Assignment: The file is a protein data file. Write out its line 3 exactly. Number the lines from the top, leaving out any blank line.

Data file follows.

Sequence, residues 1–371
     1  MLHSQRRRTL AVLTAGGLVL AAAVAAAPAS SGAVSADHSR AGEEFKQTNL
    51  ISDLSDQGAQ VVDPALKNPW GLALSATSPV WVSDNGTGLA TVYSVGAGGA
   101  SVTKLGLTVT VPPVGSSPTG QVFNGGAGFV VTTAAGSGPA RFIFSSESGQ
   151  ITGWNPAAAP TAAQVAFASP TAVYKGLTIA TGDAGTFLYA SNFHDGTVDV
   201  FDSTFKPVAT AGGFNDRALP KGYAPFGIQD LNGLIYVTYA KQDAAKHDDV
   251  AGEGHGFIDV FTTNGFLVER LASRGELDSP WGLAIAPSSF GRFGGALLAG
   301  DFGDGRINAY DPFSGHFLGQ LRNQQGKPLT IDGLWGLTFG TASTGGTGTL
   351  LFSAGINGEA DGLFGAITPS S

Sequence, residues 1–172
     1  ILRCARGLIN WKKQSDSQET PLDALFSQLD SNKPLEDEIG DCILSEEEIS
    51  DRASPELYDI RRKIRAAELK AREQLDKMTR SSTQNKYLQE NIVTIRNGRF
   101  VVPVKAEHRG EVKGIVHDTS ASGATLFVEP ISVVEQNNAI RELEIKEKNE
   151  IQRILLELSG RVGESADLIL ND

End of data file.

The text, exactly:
    51  ISDLSDQGAQ VVDPALKNPW GLALSATSPV WVSDNGTGLA TVYSVGAGGA